The HTC Surround was one of the first Windows Phone 7 smartphones to hit the market. As far as smartphones go, it has quite the leg up on the competition both in the hardware and software department. It introduces users to the exciting new Windows Phone 7 platform—the latest evolution of the now rebranded and relaunched Windows Mobile operating system—as well as the sleek design and workmanship that we’ve all come to expect from HTC.
Overall, this phone isn’t quite the iPhone killer that many expected to be. But compared to the plethora of Windows Mobile 6.5 HTC phones and Android HTC phones on the market, this one definitely holds up in most areas—and even exceeds its siblings in others. Read on for a detailed breakdown of this phone’s top features.
Email, Facebook and Contacts
This subheading lumps together all of these three facets of the HTC Surround because Windows Phone 7 does the same. Rather than having disparate phone number contacts, email address books and associated Facebook details, Windows Phone 7 chooses to corral all of this information into the People hub. At first blush, this is a bit overwhelming, since it instantly crowds your phone contacts with hundreds, perhaps thousands, of Facebook friends whom you’d never dream of calling on the phone. Luckily, you can filter out your Facebook results from your People hub. This is highly recommended.
The point of the People hub, however, is to give you a single point of access for contacting your friends, family and associates without having to put too much forethought into how you’d like to contact them. Like the Microsoft Outlook Social Connector, the People hub pulls in data from Facebook as well as your address book, allowing you to seamlessly get in touch with them or get updates on them from any of these channels. Operating this way may take some getting used to, but chances are that more applications and platforms will begin mimicking this model in the future.
This is the best part of the HTC Surround, or any Windows Phone 7. Just like the iPhone has an integrated iPod Touch, the HTC Surround features a very nice, full-featured Zune player. It’s far better at pulling album artwork and other band paraphernalia than iTunes is, and the way it displays this content while music is playing is extremely cool. The Zune Marketplace has a nice selection of popular music, as well as some more obscure acts. The best deal, however, is the Zune Pass, which lets you listen to any song in its entirety from the Zune Marketplace for a flat fee of $15 a month. Plus, you get to download 10 tracks of each month, completely DRM free. Another cool feature: wireless sync. The Zune software will automatically beam songs from your library to your HTC Surround via WiFi when your phone is plugged into a wall outlet.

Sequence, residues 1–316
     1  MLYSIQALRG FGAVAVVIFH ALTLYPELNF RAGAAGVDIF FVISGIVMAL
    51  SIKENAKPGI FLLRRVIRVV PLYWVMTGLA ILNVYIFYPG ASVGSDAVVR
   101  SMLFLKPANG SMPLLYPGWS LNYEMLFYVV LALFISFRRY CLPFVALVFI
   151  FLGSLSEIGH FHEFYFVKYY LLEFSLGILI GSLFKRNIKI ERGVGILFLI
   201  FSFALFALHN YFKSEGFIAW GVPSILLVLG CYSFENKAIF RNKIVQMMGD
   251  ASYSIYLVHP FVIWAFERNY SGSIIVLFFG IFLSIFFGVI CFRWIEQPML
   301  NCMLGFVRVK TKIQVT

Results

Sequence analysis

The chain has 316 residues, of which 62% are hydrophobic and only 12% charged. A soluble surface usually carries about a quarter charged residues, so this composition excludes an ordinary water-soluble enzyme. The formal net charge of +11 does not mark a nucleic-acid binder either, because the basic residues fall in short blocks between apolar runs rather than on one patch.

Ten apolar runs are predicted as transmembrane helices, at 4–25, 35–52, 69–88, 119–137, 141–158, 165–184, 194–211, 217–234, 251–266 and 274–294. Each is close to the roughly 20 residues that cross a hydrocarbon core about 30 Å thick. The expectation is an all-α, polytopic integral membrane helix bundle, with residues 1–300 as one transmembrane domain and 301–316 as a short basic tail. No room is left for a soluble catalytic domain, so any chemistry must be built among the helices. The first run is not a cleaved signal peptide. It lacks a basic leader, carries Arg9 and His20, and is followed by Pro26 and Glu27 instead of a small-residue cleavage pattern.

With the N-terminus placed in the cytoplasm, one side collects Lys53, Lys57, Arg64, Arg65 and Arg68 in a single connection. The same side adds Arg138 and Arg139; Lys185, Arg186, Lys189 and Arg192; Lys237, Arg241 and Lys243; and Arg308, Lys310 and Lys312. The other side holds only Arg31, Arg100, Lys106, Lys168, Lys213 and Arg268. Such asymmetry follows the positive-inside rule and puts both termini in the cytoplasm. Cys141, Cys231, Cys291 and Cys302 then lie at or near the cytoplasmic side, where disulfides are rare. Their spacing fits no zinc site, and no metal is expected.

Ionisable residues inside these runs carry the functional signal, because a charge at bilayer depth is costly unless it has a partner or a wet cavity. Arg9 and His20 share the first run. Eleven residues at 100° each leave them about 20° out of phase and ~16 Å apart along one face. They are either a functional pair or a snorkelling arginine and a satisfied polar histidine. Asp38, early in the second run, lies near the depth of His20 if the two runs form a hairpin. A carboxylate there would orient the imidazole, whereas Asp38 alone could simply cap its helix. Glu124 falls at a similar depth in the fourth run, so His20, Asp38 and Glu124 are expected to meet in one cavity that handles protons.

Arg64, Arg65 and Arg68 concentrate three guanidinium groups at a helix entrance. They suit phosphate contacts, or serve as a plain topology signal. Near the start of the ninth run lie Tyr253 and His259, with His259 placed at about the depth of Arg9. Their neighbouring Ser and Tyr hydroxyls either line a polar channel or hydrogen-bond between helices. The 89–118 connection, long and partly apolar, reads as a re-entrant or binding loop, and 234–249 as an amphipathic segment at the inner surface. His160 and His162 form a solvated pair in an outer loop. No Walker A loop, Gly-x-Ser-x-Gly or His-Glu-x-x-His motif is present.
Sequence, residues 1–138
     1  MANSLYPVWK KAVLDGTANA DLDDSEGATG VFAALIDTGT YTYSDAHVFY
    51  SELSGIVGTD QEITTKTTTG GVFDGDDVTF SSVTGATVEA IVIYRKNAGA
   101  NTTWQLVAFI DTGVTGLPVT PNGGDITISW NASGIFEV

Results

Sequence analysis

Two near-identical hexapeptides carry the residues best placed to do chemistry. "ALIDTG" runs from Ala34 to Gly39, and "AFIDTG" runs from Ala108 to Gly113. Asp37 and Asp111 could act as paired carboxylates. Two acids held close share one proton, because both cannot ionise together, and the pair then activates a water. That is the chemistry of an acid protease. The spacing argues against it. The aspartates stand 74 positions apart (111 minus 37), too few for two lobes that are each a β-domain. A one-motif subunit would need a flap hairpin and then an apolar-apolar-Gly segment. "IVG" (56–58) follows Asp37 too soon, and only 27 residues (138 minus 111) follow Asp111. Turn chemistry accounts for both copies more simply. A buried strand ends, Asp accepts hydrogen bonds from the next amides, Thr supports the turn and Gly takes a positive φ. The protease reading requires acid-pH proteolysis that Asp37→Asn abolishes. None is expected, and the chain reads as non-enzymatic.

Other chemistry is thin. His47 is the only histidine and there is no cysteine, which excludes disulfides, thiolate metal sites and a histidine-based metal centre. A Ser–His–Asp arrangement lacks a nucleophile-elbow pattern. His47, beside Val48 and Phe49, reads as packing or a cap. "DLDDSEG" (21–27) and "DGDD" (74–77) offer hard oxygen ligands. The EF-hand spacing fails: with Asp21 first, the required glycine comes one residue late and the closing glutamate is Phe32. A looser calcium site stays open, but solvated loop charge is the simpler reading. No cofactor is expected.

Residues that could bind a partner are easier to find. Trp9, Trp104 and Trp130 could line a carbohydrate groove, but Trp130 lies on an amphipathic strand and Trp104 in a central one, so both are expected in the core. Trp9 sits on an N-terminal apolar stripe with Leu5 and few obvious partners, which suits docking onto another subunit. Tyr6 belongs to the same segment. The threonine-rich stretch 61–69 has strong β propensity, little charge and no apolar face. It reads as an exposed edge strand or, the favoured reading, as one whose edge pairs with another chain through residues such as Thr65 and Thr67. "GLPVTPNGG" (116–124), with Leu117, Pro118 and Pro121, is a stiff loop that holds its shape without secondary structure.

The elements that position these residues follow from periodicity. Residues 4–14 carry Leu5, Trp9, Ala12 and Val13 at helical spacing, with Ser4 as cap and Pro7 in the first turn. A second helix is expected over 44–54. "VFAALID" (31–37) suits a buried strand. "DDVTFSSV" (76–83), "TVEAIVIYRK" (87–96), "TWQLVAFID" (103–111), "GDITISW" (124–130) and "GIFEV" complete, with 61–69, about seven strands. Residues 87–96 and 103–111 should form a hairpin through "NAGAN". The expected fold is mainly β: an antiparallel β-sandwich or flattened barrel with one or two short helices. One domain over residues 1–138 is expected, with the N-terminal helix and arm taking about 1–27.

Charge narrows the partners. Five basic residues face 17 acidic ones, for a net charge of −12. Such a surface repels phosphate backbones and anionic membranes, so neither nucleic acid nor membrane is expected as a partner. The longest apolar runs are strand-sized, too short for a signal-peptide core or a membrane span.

Kickstand and Speakers
This is the really unique feature about this phone that’s supposed to be its main selling point. The HTC Surround’s namesake is a miniature soundbar that runs the length of the phone. It slides out, revealing the speakers that are big for a cell phone, but tiny by any other measure, plus a button that activates HTC’s own sound enhancing software. This is best used in conjunction with the kickstand, which lets you prop the phone up in landscape view for hands-free viewing on a tabletop.
All of this is mildly cool. The sound is definitely better than anything that’s ever come out of a cell phone’s speakers before. But it still doesn’t hold a candle to most $20 iPod docks.
The call quality is okay—definitely passable, but not quite crystal clear. There are, of course, a number of factors that will affect quality from call-to-call. The HTC headset that comes with the phone is also merely satisfactory. The microphone is positioned closer to your belly than your mouth, causing it to pick up quite a bit of background noise, as well as shuffling from your clothing. As ironic as it may seem, however, the phone’s actual ability to perform voice calls is only a minimal concern in the feature lineup.
Internet Explorer for Windows Phone 7 is excellent. It’s fast, intuitive and very clean. The only downside is that few websites are optimized for the mobile IE browser, meaning that you’ll usually get a full desktop version of the website. This only poses a problem when you happen upon a site that uses advanced HTML5 features or Flash elements—neither of which are supported by Windows Phone 7.
There is no external keyboard on the HTC Surround, meaning you’ll use the Windows Phone 7’s stock soft keyboard. In terms of touch responsiveness and auto-correct, it’s a great keyboard. It may even rival the iPhone’s keyboard in terms of intuitiveness.
Most of the HTC Surround’s strengths are part and parcel to the Windows Phone 7 platform. The perks of the HTC Surround, including the kickstand and soundbar, are definitely non-essential. If you like this phone, you’ll probably like any other Windows Phone 7 just as much, if not more.